Who Invented the Floppy Disk?

The history of the floppy disk is quite straightforward. It was invented by a team of IBM researchers led by Alan Shugart. The chief designer of Shugart’s team was David Noble. The first floppy disks became available in 1971.

Development of the Floppy Disk
The goal of IBM was to create a storage device where users could store information. Even as hard disks emerged, it became clear that users would need to backup their files and software programs. The first floppy disks were called memory disks. The ones that came out in 1971 were 8 inches in diameter and made of plastic. It also had magnetic iron oxide.

The early history of the floppy disk shows that it was a success. Aside from IBM, other companies would improve upon the IBM device. Among the pioneers were Memorex and Shugart Associates.

The 5 ¼ Inch Disk
Although the 8 inch disk was widely used it had its limitations. It was very big and was not very reliable in the long run. In 1976, Shugart Associates started producing the 5 ¼ disks. Within two years, nine other companies started making these disks.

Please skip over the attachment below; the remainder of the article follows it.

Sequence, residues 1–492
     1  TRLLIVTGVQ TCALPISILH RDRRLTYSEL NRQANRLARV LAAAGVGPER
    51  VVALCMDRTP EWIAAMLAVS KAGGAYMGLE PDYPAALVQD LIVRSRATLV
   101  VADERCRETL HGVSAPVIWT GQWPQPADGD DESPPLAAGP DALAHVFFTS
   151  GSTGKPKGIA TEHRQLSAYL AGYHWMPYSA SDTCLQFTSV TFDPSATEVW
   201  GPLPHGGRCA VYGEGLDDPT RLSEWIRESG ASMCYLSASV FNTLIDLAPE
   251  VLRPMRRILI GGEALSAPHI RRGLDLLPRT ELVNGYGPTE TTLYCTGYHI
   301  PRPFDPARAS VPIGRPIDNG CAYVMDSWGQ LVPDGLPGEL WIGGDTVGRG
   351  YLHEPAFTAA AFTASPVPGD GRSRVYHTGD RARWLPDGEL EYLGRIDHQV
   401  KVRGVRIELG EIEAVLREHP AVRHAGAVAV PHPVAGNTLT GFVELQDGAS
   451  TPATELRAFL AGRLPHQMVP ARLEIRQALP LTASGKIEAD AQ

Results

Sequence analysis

Its popularity would render the 8 inch floppies obsolete. The early 5 ¼ inch disks came in two formats: the hard sectored (90 kb) and soft sectored (110 kb). Over time the hard sector would disappear.

The 3 ½ Inch Disk
The history of the floppy disk shows that the 5 ¼ disk would share the same fate as the 8 inch drive. During the early to mid 1980s, the disk was sufficient for storing programs and backing up files.

But eventually the programs got larger and so did the files. In response companies began making other devices like the 2 inch disk. But it was Sony’s 3 ½ inch disks that would prove the most successful.

The 5 ¼ disk still had a large market share, but it was steadily eroded by the 3 ½. By the late 1980s, most computers sold had both 5 ¼ and 3 ½ inch disk drives. But as the 1990s came the 5 ¼ disapperaed. The 3 ½ inch was small enough to put in your pocket.

A look at the history of the floppy disk points to its sturdiness as another advantage. Its casing was strong enough to withstand a few bumps. It was also less susceptible to dust and dirt. The old 5 ¼ was easily damaged by some scratches and even too much light.

Demise of the Floppy Disk
The mid 1990s would signal the end of the floppy disk drive. By this time a lot of new software came in CD ROMs, the contents of which could never fit in a floppy. File sizes would reach several thousand kilobytes and eventually megabytes.

Several companies tried to introduce new floppy disk drives. But these never really took off. Instead the CD R and CD RW drives became popular.

The history of the floppy disk lets you see just how quickly technology evolved. The rapid development of the disks speaks much of the way that files and computer usage changed over the years.